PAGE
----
Don’t get it wrong; Head Graphene 360+ Speed Pro is still very much a player’s racket, suitable for advanced levels only; however, it’s not made for a player like Djokovic. 

Here’s a side-to-side comparison of Head pt113b and Head Graphene 360+ Speed Pro technicalities comparison. 

Head PT113BGraphene 360+ Speed Pro
Head size95 sq² / 612 cm²100 sq² / 645.16 cm²
Length27.1 inch / 68.8 cm27 inch / 68.58 cm
Weight (strung)12.4 oz / 353 grams11.6 oz / 329 grams
Swingweight 360329
Balance5 pts HL6 pts HL 
Stiffness 60 62
Beam width 22 mm / 22 mm / 22 mm23 mm / 23 mm / 23 mm
String pattern 18 mains / 19 crosses 18 mains / 20 crosses 
Grip type Head Finest Calfskin Leather Grip Head Hydrosorb Pro

Novak Djokovic Racket History

Novak Djokovic received his first-ever tennis racket as a present from his parents in 1991. It was bright pink and enough to make a little child who had expressed interest in tennis more than happy. While nowadays, Novak enjoys tremendous success in the tennis world, his start was rocky and often insecure. 

Novak Djokovic Racket History

Back when he was just a little boy, he lived with his family in former Yugoslavia, which was falling apart, and the disaster of the war that followed inflected everyone’s lives. At the time, tennis not only wasn’t big in Serbia, but it wasn’t a priority either. Both of Djokovic parents had to make many sacrifices and even borrow some money to buy their child’s first equipment and pay for his training so that Novak could follow his big dream. 

And that he did. Soon after, Novak Djokovic would prove himself to be worthy of all his parents’ sacrifices as he started playing in the world’s stadiums. 

2005: Wilson Blade Pro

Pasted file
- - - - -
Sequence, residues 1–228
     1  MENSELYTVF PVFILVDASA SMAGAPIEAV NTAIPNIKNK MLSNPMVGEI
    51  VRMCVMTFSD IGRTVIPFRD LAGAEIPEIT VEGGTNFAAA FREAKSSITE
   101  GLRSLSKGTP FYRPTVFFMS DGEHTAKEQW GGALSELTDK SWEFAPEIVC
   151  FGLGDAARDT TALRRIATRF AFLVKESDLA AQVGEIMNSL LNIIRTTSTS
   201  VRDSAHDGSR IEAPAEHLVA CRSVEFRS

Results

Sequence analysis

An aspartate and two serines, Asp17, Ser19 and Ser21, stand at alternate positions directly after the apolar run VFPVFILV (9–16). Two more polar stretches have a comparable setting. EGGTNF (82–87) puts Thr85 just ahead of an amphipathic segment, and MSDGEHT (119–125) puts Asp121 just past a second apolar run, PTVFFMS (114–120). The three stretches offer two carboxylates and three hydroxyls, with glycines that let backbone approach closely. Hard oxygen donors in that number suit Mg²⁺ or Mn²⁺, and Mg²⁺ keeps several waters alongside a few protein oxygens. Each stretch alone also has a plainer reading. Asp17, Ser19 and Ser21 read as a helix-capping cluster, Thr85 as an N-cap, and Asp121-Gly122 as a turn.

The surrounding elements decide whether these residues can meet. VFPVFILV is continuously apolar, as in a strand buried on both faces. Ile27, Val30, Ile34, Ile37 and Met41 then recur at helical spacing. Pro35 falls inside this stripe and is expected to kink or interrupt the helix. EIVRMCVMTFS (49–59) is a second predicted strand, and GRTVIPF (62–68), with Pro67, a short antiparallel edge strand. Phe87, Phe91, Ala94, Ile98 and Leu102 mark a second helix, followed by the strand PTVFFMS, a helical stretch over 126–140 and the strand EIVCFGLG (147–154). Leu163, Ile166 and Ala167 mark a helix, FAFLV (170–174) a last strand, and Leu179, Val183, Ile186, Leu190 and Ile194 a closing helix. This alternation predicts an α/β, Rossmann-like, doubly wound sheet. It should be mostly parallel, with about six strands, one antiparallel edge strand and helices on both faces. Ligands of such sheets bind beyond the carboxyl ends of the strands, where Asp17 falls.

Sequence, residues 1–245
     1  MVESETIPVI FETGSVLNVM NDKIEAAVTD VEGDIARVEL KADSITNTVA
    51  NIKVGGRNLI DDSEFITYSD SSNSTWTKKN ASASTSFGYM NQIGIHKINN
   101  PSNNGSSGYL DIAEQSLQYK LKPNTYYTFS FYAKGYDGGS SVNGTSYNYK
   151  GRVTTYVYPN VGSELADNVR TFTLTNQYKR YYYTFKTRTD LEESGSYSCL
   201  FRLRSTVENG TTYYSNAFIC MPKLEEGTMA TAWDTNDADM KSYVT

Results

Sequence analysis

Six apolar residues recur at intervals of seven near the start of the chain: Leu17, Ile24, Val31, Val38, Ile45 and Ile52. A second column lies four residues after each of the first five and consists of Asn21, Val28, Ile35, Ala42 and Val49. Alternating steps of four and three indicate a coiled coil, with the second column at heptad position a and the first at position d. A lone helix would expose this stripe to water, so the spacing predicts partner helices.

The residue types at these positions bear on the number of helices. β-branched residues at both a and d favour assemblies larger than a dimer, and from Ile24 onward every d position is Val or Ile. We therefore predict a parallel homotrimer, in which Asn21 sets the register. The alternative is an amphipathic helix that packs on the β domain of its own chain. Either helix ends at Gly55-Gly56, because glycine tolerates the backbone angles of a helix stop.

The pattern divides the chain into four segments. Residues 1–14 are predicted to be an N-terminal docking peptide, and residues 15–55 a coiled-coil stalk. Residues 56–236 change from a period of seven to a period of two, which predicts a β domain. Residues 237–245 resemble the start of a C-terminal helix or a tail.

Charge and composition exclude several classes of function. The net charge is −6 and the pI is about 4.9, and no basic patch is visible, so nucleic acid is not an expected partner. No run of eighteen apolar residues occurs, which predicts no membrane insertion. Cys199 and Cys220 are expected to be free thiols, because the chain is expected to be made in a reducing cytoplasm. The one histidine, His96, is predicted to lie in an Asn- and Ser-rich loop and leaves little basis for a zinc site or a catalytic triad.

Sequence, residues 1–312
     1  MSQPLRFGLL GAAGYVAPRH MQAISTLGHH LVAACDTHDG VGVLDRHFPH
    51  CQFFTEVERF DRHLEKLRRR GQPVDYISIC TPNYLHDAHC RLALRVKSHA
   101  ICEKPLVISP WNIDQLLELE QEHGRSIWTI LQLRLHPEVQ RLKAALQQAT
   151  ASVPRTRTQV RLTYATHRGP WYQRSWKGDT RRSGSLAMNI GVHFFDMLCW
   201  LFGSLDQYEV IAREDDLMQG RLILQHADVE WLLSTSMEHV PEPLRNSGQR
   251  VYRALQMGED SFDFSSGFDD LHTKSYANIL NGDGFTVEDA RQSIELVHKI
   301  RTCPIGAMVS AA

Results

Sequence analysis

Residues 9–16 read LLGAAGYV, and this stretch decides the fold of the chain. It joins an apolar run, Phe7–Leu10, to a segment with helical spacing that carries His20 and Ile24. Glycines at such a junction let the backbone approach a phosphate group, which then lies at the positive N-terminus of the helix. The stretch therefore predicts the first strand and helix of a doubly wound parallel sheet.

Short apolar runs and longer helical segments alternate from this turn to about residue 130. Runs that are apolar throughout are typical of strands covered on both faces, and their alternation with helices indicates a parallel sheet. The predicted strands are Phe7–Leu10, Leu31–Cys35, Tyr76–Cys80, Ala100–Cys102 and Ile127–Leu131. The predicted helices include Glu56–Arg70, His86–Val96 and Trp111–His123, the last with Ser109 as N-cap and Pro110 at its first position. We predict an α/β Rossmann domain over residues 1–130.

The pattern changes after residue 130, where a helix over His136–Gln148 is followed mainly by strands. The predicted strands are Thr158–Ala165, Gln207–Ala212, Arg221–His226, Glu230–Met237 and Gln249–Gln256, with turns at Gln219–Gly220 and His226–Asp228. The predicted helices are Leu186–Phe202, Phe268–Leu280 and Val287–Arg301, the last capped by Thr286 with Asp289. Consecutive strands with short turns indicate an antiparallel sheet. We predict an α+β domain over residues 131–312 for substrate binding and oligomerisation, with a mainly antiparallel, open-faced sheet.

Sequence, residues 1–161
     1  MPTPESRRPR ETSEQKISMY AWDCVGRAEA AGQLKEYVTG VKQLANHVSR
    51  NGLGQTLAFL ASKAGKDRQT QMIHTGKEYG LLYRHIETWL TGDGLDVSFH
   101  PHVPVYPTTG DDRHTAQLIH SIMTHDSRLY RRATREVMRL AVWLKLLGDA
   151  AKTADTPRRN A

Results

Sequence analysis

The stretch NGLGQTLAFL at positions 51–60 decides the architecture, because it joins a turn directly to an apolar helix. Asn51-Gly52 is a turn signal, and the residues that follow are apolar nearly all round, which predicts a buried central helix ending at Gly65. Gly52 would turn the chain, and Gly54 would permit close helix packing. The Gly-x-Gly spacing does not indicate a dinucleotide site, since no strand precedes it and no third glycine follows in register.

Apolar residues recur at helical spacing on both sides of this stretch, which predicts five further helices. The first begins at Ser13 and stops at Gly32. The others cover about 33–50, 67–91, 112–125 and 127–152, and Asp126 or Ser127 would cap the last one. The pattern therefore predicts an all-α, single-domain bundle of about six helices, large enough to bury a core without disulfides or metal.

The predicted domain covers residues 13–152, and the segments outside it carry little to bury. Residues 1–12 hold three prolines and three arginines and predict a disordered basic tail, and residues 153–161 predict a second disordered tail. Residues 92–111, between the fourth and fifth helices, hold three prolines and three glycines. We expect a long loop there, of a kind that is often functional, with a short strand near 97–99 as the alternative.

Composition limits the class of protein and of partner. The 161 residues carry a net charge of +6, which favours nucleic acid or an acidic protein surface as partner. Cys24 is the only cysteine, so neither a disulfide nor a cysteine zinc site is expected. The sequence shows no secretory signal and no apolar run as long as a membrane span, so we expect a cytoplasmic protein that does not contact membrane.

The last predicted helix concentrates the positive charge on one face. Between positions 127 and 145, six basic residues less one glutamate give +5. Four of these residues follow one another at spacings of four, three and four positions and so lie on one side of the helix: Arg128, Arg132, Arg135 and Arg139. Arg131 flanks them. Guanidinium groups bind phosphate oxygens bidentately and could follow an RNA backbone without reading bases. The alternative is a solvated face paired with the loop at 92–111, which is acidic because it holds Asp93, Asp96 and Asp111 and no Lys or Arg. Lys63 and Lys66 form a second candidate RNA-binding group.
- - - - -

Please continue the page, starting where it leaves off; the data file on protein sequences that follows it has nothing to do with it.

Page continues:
One of his first rackets as a professional was Wilson Blade Pro, as he signed to be an athlete representative of the company from 2005 to 2008. This particular Wilson tennis racket is famous for its dynamic performance, light frame, and the perfect mix of power, spin, and control that it is able to deliver. Obviously, it is made for advanced players only; however, Novak notoriously asked for some personal adjustments on the technicalities, which made the Wilson racket more similar to what the Head company had to offer. 

2009: Youtek Graphene Speed Pro

Being a Head athlete at his heart, in 2009, he signed for the well-known company, which he still endorses to this day. In the Australia Open of that year, Novak used Youtek Graphene Speed Pro. This racket is perfect for an aggressive player like Djokovic, that constantly aims for flat strokes and precision on the targets. This frame is known to be very solid and stable, while it also delivers power, spin, and maneuverability. 

In 2011, Novak switched up his racket for Head PT113B, which he is currently using in all his official tours and matches. 

Using Djokovic’s Racket Effectively

We can all agree that it is very tempting to use Novak Djokovic’s racket in hopes of playing just as well as he does. However, this can only be possible if you are exceptionally good in the game and are willing to adopt some of the Serb player strategies in order to use the racket more effectively. 

Djokovic is known to keep his strokes flat, take the ball earlier, and try to redirect the trajectory of the shots instead of blasting winners. This game style helps him defend exceptionally well and also hit great first serves.

If you aim to do the same, it’s important that the racket provides a lot of control and stability, meaning that the weight should be hefty. A denser string pattern combined with a lower swingweight, just like Novak has adjusted in his matches, allows more spin and speed while also helping to keep the trajectory at the desired flat angle. 

To achieve all this with more ease, you can copy Novak’s adjustments on the racket by adding more weight on the frame while simultaneously lowering the swingweight and going for an in-between 18×19 string pattern. It will help you be more in control of where the ball is going, hit with more precision, and even protect you from elbow injuries. 

It’s worth highlighting the fact that for most players, finding a Head PT113B racket can be impossible since this is one of the rarest frames on the market. Even if you are lucky enough to get your hands on one, most likely, it will be used and at a hefty price. This is just not realistic to the average tennis player, so it would probably be easier to settle for a Graphene 360+ Speed Pro as the next best thing and make some personal adjustments to it to make it more similar to a Djokovic racket.